Publication number | US5420891 A |

Publication type | Grant |

Application number | US 08/033,604 |

Publication date | May 30, 1995 |

Filing date | Mar 18, 1993 |

Priority date | Mar 18, 1993 |

Fee status | Lapsed |

Publication number | 033604, 08033604, US 5420891 A, US 5420891A, US-A-5420891, US5420891 A, US5420891A |

Inventors | Ali N. Akansu |

Original Assignee | New Jersey Institute Of Technology |

Export Citation | BiBTeX, EndNote, RefMan |

Patent Citations (20), Non-Patent Citations (20), Referenced by (104), Classifications (12), Legal Events (4) | |

External Links: USPTO, USPTO Assignment, Espacenet | |

US 5420891 A

Abstract

The Multiplierless Quadrature Mirror Filter concept is used in the design of analysis and synthesis filter banks to be used for the sub-band coding of various types of signals. The individual filters in the analysis and synthesis filter banks are designed to be near linear in phase, non-symmetrical in time, and to have equal bandwidth frequency responses. These multiplierless filters are relatively easy to implement in hardware and allow for the sub-band coding of signals with minimal computational complexity so as to result perfect signal reconstruction. Furthermore, these filters are particularly well suited for configuration in hierarchical sub-band structures.

Claims(22)

1. A multiplierless filter bank to be used in the sub-band coding of various types of signals, said multiplierless filter bank comprising at least one pair of finite impulse response filters connected in parallel, said finite impulse response filters in each said pair of finite impulse response filters having non-symmetrical filter coefficients which are decomposable into power of two integers such that filter computations are carried out using only binary shift or binary shift and add operations, said finite impulse response filters in each said pair of finite impulse response filters being Multiplierless Quadrature Mirror Filters which satisfy the perfect reconstruction requirement, ##EQU3## wherein Q is an integer normalization factor, wherein

δ(k)=1 for K=0

δ(k)=0 for all other k

wherein N+1 is the order of said Multiplierless Quadrature Mirror Filters, wherein ##EQU4## wherein

n=0, 1, . . .,N

wherein

k.sub.n.sup.(i) =integers

and wherein there is no limit on the value of P, although the lower the value of P the higher the efficiency of said Multiplierless Quadrature Mirror Filters.

2. The multiplierless filter bank as defined in claim 1, wherein said finite impulse response filters in each said pair of finite impulse response filters have equal bandwidth frequency responses such that two equal bandwidth sub-band signals are formed from each of said various types of signals that is applied to each said pair of finite impulse response filters.

3. The multiplierless filter bank as defined in claim 1, wherein said finite impulse response filters in each said pair of finite impulse response filters have linear-like phase responses.

4. The multiplierless filter bank as defined in claim 1, wherein a plurality of said finite impulse response filter pairs are configured in a hierarchical sub-band structure so as to form a plurality of equal bandwidth sub-band signal pairs.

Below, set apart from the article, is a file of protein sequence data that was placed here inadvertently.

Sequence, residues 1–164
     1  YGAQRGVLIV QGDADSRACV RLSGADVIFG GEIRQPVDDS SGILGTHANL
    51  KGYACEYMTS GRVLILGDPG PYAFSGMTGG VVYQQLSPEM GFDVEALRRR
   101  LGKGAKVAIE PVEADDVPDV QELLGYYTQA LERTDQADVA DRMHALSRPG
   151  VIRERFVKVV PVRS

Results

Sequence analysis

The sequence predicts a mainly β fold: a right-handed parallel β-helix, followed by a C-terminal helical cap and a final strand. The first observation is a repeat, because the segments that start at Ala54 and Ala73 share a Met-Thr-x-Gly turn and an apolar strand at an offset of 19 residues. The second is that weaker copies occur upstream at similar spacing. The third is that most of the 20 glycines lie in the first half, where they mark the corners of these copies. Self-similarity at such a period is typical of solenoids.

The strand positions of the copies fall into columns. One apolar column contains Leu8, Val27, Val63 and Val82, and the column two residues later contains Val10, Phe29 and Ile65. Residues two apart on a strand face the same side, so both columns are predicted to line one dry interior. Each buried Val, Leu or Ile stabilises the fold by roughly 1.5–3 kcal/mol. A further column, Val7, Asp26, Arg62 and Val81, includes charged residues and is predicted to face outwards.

5. The multiplierless filter bank as defined in claim 1, wherein said various types of signals include one-dimensional and multi-dimensional signals.

6. A sub-band coding system for various types of signals, said sub-band coding system comprising:

a first multiplierless filter bank for analyzing each of said various types of signals into a plurality of sub-band signals, wherein said first multiplierless filter bank comprises at least one pair of finite impulse response filters having non-symmetrical filter coefficients which are decomposable into power of two integers such that filter computations are carried out using only binary shift or binary shift and add operations, wherein said finite impulse response filters in each said pair of finite impulse response filters in said first multiplierless filter bank are Multiplierless Quadrature Mirror Filters which satisfy the perfect reconstruction requirement, ##EQU5## wherein Q is an integer normalization factor, wherein

δ(k)=1 for k=0

δ(k)=0 for all other k

wherein N+1 is the order of said Multiplierless Quadrature Mirror Filters, wherein ##EQU6## wherein

n=0, 1, . . .,N

wherein

k.sub.n.sup.(i) =integers

and wherein there is no limit on the value of P, although the lower the value of P the higher the efficiency of said Multiplierless Quadrature Mirror Filters; and

a second multiplierless filter bank, connected in, series with said first multiplierless filter bank, for synthesizing each of said various types of analyzed signals from said plurality of sub-band signals, wherein said second multiplierless filter bank comprises at least one pair of finite impulse response filters having non-symmetrical filter coefficients which are decomposable into power of two integers such that filter computations are carried out using only binary shift or binary shift and add operations, wherein said finite impulse response filters in each said pair of finite impulse response filters in said second multiplierless filter bank are Multiplierless Quadrature Mirror Filters which satisfy the perfect reconstruction requirement, ##EQU7## wherein Q is an integer normalization factor, wherein

δ(k)=1 for k=0

δ(k)=0 for all other k

wherein N+1 is the order of said Multiplierless Quadrature Mirror Filters, wherein ##EQU8## wherein

n=0, 1, . . .,N

wherein

k.sub.n.sup.(i) =integers

and wherein there is no limit on the value of P, although the lower the value of P the higher the efficiency of said Multiplierless Quadrature Mirror Filters.

7. The sub-band coding system as defined in claim 6, wherein said plurality of sub-band signals are decimated by a decimation operator and then coded by a coder after being analyzed by said first multiplierless filter bank.